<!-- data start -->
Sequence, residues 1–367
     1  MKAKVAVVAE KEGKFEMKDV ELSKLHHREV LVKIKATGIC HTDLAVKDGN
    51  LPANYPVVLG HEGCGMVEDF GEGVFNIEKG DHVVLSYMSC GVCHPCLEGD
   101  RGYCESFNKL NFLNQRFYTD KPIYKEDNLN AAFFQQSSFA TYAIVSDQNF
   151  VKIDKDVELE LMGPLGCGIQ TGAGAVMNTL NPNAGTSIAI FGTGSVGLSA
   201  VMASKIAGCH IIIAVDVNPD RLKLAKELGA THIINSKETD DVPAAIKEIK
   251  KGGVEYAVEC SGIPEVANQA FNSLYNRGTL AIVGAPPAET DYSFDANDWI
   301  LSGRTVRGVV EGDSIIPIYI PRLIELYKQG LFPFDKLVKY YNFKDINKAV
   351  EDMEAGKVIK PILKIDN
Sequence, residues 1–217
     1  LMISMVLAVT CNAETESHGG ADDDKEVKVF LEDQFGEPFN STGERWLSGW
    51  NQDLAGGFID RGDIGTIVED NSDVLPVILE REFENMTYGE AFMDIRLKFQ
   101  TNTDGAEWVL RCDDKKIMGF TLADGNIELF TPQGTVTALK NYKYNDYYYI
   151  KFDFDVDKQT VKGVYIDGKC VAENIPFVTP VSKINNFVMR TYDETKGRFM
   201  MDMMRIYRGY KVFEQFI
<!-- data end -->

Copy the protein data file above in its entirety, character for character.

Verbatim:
Sequence, residues 1–367
     1  MKAKVAVVAE KEGKFEMKDV ELSKLHHREV LVKIKATGIC HTDLAVKDGN
    51  LPANYPVVLG HEGCGMVEDF GEGVFNIEKG DHVVLSYMSC GVCHPCLEGD
   101  RGYCESFNKL NFLNQRFYTD KPIYKEDNLN AAFFQQSSFA TYAIVSDQNF
   151  VKIDKDVELE LMGPLGCGIQ TGAGAVMNTL NPNAGTSIAI FGTGSVGLSA
   201  VMASKIAGCH IIIAVDVNPD RLKLAKELGA THIINSKETD DVPAAIKEIK
   251  KGGVEYAVEC SGIPEVANQA FNSLYNRGTL AIVGAPPAET DYSFDANDWI
   301  LSGRTVRGVV EGDSIIPIYI PRLIELYKQG LFPFDKLVKY YNFKDINKAV
   351  EDMEAGKVIK PILKIDN
Sequence, residues 1–217
     1  LMISMVLAVT CNAETESHGG ADDDKEVKVF LEDQFGEPFN STGERWLSGW
    51  NQDLAGGFID RGDIGTIVED NSDVLPVILE REFENMTYGE AFMDIRLKFQ
   101  TNTDGAEWVL RCDDKKIMGF TLADGNIELF TPQGTVTALK NYKYNDYYYI
   151  KFDFDVDKQT VKGVYIDGKC VAENIPFVTP VSKINNFVMR TYDETKGRFM
   201  MDMMRIYRGY KVFEQFI